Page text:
The garden is a lovely place to spend a morning or even an entire day.  Begin in the Children's Garden, where there is an ampitheatre featuring storytellers and other scheduled programs. Visit Mr. MacGregor's Garden (from Beatrix Potter's Tale of Peter Rabbit) and crawl through the hole in the fence (just like Peter), hide in the super-size watering can (just like Peter), see the rabbits' home in a tree stump, Peter's blue coat and shoes are still in the garden where Mr. MacGregor hung them as a scarecrow. Completely charming!  The Children's Garden also features a sprinkler area for the tots to cool off -- bring a towel, they may get soaked.  There are magnificent rose gardens and formal gardens, Japanese-inspired garden, a woodland area, a large glass conservatory exhibit.  A favorite is the Frog Baby Pond (Frog Baby refers to the sculpture, not tadpoles and baby frogs), populated by a dozen or so very large frogs. One could spend an afternoon watching the frogs!  The poison frog aquariums in the conservatory are also a favorite.  There often are great art exhibits installed throughout the plantings; in the past these have included Chihuly glass and  Niki In The Garden, which was lovely, touchable, whimsical art.  The Spring and Summer 2007 installation is of "big bugs and killer plants."  To see what's current, go to the garden's website.  atlantabotanicalgarden.org

The Gardens are part of Piedmont Park.



While a lot of the collection and exhibits will not be of interest to children, it is a great place to bring the kids, especially after the expansion. The Lichtenstein House will attract toddlers with its bright colors and playhouse feel. Once inside, there's a room in the Stent which is essentially a playroom with blocks, puppets and a magic marker art studio. Downstairs is the  Greene Education Center where children of all ages can create their own artwork.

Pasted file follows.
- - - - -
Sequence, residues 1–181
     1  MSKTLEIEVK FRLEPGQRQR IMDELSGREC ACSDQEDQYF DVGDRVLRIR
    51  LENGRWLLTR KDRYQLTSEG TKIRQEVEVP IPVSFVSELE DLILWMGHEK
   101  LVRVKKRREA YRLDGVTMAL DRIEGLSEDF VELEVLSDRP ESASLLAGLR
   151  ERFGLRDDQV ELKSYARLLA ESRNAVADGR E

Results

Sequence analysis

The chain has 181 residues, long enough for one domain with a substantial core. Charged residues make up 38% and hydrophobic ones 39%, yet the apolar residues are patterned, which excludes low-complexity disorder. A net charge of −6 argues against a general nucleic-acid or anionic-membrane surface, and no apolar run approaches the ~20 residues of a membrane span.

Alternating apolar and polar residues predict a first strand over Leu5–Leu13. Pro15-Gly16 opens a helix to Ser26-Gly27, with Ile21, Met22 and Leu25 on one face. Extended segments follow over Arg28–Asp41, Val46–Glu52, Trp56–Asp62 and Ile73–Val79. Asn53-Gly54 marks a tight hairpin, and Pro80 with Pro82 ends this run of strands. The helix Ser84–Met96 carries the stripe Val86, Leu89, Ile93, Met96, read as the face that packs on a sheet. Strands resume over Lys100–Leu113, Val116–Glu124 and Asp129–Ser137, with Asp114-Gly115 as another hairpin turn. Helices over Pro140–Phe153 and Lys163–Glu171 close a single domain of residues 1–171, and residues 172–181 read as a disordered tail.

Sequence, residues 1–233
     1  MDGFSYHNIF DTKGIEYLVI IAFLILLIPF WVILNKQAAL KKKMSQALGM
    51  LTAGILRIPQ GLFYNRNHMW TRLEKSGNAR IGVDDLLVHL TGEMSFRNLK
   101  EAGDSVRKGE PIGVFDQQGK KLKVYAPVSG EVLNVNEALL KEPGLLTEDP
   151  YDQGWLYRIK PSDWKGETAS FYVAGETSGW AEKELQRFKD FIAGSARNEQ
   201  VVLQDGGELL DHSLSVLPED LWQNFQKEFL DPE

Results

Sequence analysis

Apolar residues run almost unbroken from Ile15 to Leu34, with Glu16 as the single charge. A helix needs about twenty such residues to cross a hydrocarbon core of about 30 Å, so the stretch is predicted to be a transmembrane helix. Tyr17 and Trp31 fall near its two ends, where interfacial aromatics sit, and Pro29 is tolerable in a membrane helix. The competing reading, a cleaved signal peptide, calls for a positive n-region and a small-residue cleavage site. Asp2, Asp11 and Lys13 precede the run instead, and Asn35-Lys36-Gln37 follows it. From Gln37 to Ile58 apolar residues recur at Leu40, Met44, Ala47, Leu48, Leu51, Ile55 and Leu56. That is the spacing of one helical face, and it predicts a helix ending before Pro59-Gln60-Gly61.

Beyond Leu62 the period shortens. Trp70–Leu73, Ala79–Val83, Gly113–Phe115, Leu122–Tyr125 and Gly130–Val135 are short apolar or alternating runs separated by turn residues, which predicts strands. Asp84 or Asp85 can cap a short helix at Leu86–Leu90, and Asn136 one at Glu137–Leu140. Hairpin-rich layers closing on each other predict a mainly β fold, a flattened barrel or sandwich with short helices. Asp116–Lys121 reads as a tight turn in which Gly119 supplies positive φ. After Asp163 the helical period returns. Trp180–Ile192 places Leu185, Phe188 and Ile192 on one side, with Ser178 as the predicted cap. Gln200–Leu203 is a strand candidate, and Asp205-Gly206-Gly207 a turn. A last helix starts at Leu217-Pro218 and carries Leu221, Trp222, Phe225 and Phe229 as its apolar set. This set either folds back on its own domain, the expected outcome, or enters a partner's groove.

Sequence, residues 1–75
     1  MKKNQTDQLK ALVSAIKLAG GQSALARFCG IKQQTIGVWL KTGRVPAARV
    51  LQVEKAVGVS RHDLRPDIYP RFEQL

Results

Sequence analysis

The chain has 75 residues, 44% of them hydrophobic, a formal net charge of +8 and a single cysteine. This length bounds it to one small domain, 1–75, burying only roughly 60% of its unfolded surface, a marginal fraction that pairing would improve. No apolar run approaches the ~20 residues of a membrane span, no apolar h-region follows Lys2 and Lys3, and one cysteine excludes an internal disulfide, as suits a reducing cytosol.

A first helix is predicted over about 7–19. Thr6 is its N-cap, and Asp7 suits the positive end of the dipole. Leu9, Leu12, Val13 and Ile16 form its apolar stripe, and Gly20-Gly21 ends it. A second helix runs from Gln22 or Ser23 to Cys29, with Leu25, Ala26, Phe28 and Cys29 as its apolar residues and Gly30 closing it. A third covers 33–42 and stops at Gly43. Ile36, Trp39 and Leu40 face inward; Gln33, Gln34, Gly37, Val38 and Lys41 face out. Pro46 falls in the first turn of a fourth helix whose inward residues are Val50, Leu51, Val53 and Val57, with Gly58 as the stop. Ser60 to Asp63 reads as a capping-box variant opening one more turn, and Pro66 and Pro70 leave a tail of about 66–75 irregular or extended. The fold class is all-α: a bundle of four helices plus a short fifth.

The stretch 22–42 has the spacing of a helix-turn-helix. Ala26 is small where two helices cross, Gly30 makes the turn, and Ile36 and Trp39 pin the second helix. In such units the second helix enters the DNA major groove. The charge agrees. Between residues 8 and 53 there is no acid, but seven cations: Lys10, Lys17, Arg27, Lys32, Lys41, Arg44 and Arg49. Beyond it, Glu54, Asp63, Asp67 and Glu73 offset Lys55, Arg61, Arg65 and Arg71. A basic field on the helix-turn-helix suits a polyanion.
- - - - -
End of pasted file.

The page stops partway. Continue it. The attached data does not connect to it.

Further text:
Center for Puppetry Arts

Go to puppet.org to see what's playing; there is usually a mix of children's puppet shows and shows for the over 18 crowd.  The Center has been a family favorite for a few decades now and is popular for elementary aged birthday parties, but older kids will probably enjoy these shows, too.  See a show and then build a puppet afterwards, and visit the museum.  This is not the old neighborhood puppet show in someone's backyard -- sets, props, everything is highly theatrical and amazing in a way probably never associated with puppets.  Any show is likely to be good but if anything is offered by Jon Ludwig, choose that.